Abstract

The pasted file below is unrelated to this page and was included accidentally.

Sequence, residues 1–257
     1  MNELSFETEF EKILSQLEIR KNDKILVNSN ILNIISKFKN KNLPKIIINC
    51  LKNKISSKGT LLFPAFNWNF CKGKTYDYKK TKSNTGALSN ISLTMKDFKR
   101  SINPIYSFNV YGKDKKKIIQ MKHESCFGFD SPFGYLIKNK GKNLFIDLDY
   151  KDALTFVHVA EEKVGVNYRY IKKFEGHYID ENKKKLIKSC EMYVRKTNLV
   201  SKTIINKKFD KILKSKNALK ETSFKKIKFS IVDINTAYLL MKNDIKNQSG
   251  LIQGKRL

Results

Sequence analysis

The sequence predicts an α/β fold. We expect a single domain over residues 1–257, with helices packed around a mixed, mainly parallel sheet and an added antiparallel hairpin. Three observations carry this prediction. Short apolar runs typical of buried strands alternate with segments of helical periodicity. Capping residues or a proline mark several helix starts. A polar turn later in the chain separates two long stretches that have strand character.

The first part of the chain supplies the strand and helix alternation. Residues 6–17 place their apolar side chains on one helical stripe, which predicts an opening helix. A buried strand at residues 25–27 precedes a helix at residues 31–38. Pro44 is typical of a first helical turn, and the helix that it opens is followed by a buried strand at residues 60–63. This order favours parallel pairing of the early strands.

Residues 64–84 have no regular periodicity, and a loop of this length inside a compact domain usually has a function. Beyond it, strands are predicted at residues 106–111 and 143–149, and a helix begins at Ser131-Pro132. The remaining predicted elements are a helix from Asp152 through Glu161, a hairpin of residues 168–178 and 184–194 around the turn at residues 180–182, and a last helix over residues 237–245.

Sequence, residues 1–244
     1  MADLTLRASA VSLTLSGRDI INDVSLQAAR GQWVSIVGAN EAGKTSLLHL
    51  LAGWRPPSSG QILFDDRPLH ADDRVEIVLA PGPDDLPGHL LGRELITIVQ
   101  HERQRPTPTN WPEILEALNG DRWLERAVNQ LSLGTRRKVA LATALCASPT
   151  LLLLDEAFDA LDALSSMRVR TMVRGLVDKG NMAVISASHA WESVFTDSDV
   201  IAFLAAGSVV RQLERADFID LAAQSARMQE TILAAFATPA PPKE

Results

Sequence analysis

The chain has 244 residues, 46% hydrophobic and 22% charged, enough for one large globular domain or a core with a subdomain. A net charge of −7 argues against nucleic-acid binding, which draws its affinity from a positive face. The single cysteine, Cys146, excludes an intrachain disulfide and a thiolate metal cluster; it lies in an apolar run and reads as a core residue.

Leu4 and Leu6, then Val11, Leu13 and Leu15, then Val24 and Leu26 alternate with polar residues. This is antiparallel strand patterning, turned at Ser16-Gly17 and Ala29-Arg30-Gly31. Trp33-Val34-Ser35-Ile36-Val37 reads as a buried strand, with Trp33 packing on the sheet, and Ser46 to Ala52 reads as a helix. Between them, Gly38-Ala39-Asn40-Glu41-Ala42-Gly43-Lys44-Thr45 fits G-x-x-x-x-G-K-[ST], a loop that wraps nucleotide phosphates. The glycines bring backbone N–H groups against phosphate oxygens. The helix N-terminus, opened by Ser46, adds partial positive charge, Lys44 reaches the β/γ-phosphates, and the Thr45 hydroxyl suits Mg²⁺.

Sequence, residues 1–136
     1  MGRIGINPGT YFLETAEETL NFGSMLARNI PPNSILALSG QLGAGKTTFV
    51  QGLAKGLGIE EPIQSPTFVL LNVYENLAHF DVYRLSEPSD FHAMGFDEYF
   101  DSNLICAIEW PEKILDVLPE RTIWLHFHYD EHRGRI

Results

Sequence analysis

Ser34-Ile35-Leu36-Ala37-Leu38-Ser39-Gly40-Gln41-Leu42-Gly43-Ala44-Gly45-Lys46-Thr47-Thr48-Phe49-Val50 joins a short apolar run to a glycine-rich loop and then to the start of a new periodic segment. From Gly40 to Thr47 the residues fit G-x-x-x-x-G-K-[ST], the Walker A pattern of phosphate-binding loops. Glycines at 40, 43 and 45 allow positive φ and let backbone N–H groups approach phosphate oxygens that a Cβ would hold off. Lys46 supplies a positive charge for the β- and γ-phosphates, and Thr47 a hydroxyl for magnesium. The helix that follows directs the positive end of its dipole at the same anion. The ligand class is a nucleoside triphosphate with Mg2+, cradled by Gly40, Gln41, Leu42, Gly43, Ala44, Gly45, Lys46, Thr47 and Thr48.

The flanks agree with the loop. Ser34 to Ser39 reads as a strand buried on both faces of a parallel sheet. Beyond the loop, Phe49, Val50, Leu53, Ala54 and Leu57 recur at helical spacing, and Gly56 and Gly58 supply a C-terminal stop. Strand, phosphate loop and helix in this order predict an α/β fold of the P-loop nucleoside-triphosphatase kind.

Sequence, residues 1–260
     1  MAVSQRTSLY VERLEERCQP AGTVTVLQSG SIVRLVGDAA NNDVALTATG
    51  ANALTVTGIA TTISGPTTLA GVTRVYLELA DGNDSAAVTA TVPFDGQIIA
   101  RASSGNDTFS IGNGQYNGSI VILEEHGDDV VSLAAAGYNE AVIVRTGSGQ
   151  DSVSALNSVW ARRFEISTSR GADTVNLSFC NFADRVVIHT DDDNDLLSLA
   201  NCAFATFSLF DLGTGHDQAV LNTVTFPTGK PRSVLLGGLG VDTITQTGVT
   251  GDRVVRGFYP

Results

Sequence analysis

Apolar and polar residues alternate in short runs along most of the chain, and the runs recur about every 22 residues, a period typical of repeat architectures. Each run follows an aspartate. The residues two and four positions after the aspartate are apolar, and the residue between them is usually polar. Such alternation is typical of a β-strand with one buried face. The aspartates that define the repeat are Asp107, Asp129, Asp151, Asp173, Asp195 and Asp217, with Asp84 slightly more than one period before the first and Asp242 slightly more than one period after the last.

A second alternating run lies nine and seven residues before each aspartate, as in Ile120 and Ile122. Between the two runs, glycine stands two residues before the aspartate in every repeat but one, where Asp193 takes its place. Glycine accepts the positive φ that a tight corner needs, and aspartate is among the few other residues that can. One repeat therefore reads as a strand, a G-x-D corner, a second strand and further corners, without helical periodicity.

We present detrital zircon U-Pb data from mainly fluvial sandstones of the Mackenzie Mountains Supergroup, Yukon (four samples), and the Shaler Supergroup, Northwest Territories (seven samples). The high similarity of data sets from widely separated units supports long-held stratigraphic correlations between the late Mesoproterozoic–Neoproterozoic Mackenzie and Amundsen basins. The breadth of the inferred fluvial system was at least 1200 km, much wider than any modern fluvial system on Earth. Zircon ages show mainly local provenance at the base of the Shaler Supergroup, with the gradual up-section introduction of more distal sources that closely match the ages of magmatic rocks characterizing the Grenville and Granite-Rhyolite Provinces of eastern and southern Laurentia, respectively. Two episodes of siliciclastic influx, represented by the Escape Rapids Formation and the younger Nelson Head Formation (Rae Group), correspond with periods of uplift and erosional unroofing that would have followed the two main phases of the Grenvillian orogeny, the Shawinigan (ca 1200–1140 Ma) and the Ottawan (ca 1090–1050 Ma). Carbonate rocks of the intervening Mikkelsen Islands Formation, and possibly correlative Tabasco Formation of the Mackenzie basin, are interpreted to record an interval of tectonic quiescence and subdued siliciclastic influx. Our work establishes a detrital zircon reference for late Mesoproterozoic–Neoproterozoic strata of northern Laurentia that is comparable with that of coeval sequences from the circum–North Atlantic region. These strata could have been deposited in similarly large interior basins, possibly connected to the Amundsen-Mackenzie and Borden basins. Such a paleogeographic scenario was likely only possible during a time of continental aggregation (e.g., supercontinent Rodinia), when orogenic belts extended between adjacent continental blocks and huge basins lay within the supercontinent’s interior.

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